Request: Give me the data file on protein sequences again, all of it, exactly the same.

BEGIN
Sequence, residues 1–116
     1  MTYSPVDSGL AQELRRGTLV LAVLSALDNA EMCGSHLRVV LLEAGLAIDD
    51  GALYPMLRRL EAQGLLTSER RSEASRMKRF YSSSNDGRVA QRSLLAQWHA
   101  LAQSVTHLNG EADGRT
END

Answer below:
Sequence, residues 1–116
     1  MTYSPVDSGL AQELRRGTLV LAVLSALDNA EMCGSHLRVV LLEAGLAIDD
    51  GALYPMLRRL EAQGLLTSER RSEASRMKRF YSSSNDGRVA QRSLLAQWHA
   101  LAQSVTHLNG EADGRT